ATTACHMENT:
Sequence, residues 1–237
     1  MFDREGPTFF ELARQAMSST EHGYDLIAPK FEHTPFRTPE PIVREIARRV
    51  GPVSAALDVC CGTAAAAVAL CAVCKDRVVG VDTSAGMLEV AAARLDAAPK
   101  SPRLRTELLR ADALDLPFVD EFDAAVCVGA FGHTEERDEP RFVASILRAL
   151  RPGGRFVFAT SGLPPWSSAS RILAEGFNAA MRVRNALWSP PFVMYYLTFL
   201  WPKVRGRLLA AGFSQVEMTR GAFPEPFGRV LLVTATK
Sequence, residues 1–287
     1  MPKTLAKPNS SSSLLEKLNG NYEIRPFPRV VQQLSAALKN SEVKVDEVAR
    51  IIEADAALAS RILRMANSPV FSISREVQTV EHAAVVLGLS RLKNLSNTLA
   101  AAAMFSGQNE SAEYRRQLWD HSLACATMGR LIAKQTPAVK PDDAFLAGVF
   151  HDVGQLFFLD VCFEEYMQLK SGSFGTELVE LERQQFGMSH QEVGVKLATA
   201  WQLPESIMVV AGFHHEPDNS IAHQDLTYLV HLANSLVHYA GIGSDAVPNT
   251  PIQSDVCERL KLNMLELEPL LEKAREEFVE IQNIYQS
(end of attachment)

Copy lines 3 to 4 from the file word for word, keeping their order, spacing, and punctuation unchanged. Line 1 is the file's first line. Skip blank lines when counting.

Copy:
    51  GPVSAALDVC CGTAAAAVAL CAVCKDRVVG VDTSAGMLEV AAARLDAAPK
   101  SPRLRTELLR ADALDLPFVD EFDAAVCVGA FGHTEERDEP RFVASILRAL